I'm loving this chilly weather! The leaves are just about all off the trees, the sun is coming up and the sky is clear. I can hear the chirps and twitters of birds out on the bird feeders as well as the traffic on Broadway. I've often wondered what it would be like to live so far out in the country that you don't hear the sounds of traffic each morning and evening (and all during the day).
This week was much more relaxing than the weeks have been. :) I've gotten to read which is so delightful. I had my last writing classes of the year on Wednesday. Yesterday I checked most of the papers and figured out grades for two classes. Mom and I have been cleaning out, organizing, rearranging and getting rid of things. Several rooms look so much better! And today I'm going to be doing those extra cleaning things that seldom get done, like cleaning the ceiling fans and lights, washing screens and things like that.
Writing: Ah yes. I have written. In fact, I finished the Christmas story I was working on and it is now on my proofer's desk. Then, inspired by a calendar picture that none of my older students chose, I began yet another Christmas story. I'm hoping to keep this one under 5,000 words. My last one was 7,000 words long! Yeah I know, that means 7 times to post it, so pay attention on the 30th. I'd like to get back in to some of my other longer stories, but not right now.
Here is the next part of the Thanksgiving story. I hope you all enjoy it.
My Best Thanksgiving - Part 4
Mrs. Peggy shook her head. “I’d feel better if it was someone else and that’s a fact.”
“All right. Someone will be here in a minute. You ready, Ray?”
I had pulled down those goggles, pulled up my bandana and nodded. I said a quick good bye to the old couple and then followed Lee back out into the dust.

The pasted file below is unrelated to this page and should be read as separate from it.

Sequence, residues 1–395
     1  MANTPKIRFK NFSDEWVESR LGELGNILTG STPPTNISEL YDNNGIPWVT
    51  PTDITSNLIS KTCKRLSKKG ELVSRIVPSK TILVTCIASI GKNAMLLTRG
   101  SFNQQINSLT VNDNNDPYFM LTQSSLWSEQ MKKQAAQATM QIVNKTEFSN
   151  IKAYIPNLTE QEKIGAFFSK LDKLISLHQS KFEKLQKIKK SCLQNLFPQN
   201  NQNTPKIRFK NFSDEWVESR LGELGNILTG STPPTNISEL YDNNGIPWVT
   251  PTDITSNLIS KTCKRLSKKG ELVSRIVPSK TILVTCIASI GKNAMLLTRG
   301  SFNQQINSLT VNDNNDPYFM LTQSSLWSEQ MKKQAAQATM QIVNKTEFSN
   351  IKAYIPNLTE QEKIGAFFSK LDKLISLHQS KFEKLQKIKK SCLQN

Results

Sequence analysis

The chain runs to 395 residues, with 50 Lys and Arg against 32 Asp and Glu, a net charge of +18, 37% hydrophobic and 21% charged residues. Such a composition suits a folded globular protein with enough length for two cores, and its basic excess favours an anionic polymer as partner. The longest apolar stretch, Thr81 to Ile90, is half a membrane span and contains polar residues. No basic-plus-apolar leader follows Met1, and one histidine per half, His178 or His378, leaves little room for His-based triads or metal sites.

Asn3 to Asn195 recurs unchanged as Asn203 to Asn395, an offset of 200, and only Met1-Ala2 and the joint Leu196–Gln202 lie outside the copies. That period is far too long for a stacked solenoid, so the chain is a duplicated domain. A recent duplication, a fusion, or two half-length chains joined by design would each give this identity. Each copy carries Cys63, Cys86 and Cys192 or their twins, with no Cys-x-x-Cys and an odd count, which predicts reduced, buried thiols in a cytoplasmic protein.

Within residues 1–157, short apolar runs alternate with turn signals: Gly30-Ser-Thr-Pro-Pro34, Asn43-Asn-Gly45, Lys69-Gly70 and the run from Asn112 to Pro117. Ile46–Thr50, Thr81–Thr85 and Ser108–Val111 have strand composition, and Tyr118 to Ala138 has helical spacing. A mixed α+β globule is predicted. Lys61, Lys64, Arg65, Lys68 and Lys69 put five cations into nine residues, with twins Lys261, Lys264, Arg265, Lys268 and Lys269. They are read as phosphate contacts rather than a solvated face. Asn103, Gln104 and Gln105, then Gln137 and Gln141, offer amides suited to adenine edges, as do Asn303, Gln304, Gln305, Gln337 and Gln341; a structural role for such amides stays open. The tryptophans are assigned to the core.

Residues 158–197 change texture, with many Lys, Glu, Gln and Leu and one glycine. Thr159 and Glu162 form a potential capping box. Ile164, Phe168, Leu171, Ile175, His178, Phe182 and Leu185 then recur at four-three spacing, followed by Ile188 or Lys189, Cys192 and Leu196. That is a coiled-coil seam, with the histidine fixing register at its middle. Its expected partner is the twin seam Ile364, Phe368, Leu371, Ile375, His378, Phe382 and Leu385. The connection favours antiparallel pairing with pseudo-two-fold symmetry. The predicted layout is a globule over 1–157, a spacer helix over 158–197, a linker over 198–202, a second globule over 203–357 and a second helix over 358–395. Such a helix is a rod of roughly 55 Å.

I don’t care if someone did say the wind was abating; it didn’t seem like it at all, as I was practically blown across the road. Together Dad, Lee and I made our way back to the side door on the van and climbed in.
We were all coughing, but Dad and Lee were doing it the worst. Carol and Ginger quickly helped untie our bandanas while Mom opened bottles of water for each of us. That water sure tasted good, but it took a long time before all the grittiness was gone from my mouth.
Mom insisted she drive and Dad sank into the passenger seat still coughing some.
“You’re dirty!” Jason observed from the back.
I think we knew that. All I wanted then was a hot shower, and I’m sure Dad and Lee longed for that even more than I did. After all, they had been out in the storm a lot longer than I had.
Slowly Mom started off. She doesn’t usually like to drive the van when we are pulling the trailer, but this time she knew Dad was exhausted.
We stopped at a truck stop so the three of us could shower and change while Mom and the girls and Jason got the van cleaned up. The outside didn’t really matter, but the inside where we had sat was filthy.
Clean clothes had never felt better. Lee said he actually felt human again.